Nuclear Blast -2018 – USA

I’d like to choose to start this review with a confession. The last album that made me totally crazy
was Serpents of The Light which was announced to release by Deicide. This situation may not have
been a case like me about Deicide for a lot of death metal freaks who were matured in the 90s. The
confusion about In Torment in Hell, then the relatively successful Scars of The Crucifix album and
after the departure of Hoffmans and money disputes in a band and a lot of other drama evolved me a
fan who is always about to wait and see for Deicide.

This album was composed and recorded with a refreshed Glen Benton, who had totally moved away
from alcohol and drug-related problems, and also did not create a huge excitement when it was first
announced just after 5 years, but honestly, I was a little curious about it. After the release of the first single
and a few listening session, I could not get a full idea, it seemed that sounds like a song from To Hell
With God at first but things started to change after I listened to the full record. The sound and composition
of Deicide belonged to the credits of post -2005 but authentic differences and developments are on
the table. Benton and Asheim continue to be the marker members of Deicide. If you are still
interested in Deicide, Overtures of Blasphemy is an album that you can easily find all staff and
trademarks of the band through the years. The chord progression and riffs were written under the influence of
dark and demonic spirit and Asheim’s classic double-bass flares with high-speed drumming, and
Benton’s spellings of blasphemic uncanny with growling are presented in a great harmony. Benton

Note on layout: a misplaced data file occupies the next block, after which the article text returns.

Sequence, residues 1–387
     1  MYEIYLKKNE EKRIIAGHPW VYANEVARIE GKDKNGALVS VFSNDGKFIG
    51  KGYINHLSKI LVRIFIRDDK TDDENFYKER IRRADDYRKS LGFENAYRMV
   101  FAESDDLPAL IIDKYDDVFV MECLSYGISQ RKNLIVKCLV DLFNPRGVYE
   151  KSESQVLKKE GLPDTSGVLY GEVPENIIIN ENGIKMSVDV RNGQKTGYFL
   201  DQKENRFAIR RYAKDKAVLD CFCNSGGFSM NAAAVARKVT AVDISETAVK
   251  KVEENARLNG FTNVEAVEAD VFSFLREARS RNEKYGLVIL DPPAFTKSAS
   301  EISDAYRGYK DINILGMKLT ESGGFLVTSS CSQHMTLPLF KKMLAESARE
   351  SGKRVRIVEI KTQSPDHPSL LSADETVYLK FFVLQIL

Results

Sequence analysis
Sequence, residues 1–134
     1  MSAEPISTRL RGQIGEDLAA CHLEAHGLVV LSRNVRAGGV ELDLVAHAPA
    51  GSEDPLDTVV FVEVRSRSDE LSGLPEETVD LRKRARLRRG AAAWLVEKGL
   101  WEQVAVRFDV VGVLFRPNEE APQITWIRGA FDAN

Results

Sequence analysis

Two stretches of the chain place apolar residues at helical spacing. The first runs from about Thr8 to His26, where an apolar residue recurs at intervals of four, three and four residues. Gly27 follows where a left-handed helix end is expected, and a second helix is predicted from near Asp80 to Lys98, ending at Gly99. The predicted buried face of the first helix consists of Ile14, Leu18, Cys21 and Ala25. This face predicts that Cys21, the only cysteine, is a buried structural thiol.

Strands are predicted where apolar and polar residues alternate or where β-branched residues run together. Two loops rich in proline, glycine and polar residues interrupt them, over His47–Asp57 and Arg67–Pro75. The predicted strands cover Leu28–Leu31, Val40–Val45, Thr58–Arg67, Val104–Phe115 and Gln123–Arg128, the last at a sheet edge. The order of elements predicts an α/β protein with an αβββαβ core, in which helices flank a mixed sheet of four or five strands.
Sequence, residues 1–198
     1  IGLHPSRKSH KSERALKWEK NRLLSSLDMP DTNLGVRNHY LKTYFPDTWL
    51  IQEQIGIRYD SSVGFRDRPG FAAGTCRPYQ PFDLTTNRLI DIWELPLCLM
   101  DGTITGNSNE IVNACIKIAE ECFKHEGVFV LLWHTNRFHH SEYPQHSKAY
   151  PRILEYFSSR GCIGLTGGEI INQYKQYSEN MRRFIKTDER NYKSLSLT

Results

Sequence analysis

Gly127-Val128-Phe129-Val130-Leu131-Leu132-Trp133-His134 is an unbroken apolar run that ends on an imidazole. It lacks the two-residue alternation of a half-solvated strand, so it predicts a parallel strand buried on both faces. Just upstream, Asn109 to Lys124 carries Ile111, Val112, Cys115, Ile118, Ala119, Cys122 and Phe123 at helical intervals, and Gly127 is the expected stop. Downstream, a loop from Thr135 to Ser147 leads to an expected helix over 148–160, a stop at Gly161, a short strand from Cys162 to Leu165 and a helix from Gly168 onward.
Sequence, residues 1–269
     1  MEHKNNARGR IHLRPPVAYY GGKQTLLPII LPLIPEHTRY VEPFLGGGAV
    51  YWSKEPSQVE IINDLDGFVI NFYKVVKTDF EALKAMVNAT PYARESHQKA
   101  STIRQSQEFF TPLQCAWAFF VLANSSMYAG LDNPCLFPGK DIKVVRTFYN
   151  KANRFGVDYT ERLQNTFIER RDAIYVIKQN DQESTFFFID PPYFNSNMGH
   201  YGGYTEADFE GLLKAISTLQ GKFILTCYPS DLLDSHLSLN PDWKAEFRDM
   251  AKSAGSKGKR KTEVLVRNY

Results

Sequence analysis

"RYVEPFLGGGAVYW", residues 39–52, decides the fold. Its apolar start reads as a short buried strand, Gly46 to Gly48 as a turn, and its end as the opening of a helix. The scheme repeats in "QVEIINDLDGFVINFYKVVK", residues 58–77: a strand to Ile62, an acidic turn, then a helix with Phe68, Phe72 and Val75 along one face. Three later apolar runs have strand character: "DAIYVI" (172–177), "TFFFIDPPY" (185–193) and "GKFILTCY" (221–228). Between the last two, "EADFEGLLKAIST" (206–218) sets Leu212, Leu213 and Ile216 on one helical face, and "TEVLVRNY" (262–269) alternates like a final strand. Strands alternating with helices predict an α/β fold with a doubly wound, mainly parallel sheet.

and Asheim are pretty lucky and also successful to find the correct person to employ and this time is
Mark English from Monstrosity, he takes the leads for this album. I do not know the extent of his
participation in compositions, but you can hear some of his own specific lead and rhythms and solos
in some compositions. Maybe the things are not like fresh in 90’s but Deicide still continues and
writes death metal at all. Benton’s Deicide has been evolved and kept business going on with classy
guitarists and songwriters such as Jack Owen, Dave Suzuki, Ralph Santolla after Hoffmans left. After
all, I think the best guitarist and composer who Benton and Asheim employed was Kevin Quirion for
Deicide in the 2000s, he’s very successful at imitating and recreating the guitar notations of the 90s
Deicide. You can also see him as a guitarist is in the Order of Ennead with Steve Asheim.

If we focus on the changes in the album, I can say that sound is flat in some points but more mature
and strong than the last two albums. Jason Suecof is in charge of Overtures’ record and
sound. Although he is known for his works with more modern metal bands, I can say that he has been
serving Florida death metal this year after Monstrosity’s release. One of the changes I noticed in the
compositions was to feed guitars with self-repeating second master riffs on the first ones, it gives
feedbacks and depth to the song. Some of the songs like One with Satan and Crawled of Shadows
are not accustomed to in the Deicide compositions, they have a vibe of European sound and melodic
flat riffs. I can tell that some grooves and dynamics in the album Benton’s and Asheim’s influences of
crossover from the 80s.Lyrics?Should I mention? The album’s name is just self-explanatory, all lyrics
are blasphemic overtures written by Benton. Who knows if these overtures are perhaps a
preparation for the Florida death metal of the 2020s? Anyway, A 5-year absence was enough for
Deicide. Just listen, you won’t regret this album.

8/10